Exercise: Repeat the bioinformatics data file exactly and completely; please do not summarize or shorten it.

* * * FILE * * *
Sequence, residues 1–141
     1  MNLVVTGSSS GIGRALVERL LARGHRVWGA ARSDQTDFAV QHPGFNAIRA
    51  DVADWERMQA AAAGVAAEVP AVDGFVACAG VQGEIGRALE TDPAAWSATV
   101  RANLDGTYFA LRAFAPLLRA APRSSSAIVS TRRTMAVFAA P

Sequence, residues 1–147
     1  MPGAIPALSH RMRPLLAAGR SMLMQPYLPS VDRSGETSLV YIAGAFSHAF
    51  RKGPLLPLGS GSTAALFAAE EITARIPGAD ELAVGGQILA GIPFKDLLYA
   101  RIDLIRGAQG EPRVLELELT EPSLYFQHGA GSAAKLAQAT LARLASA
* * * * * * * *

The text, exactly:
Sequence, residues 1–141
     1  MNLVVTGSSS GIGRALVERL LARGHRVWGA ARSDQTDFAV QHPGFNAIRA
    51  DVADWERMQA AAAGVAAEVP AVDGFVACAG VQGEIGRALE TDPAAWSATV
   101  RANLDGTYFA LRAFAPLLRA APRSSSAIVS TRRTMAVFAA P

Sequence, residues 1–147
     1  MPGAIPALSH RMRPLLAAGR SMLMQPYLPS VDRSGETSLV YIAGAFSHAF
    51  RKGPLLPLGS GSTAALFAAE EITARIPGAD ELAVGGQILA GIPFKDLLYA
   101  RIDLIRGAQG EPRVLELELT EPSLYFQHGA GSAAKLAQAT LARLASA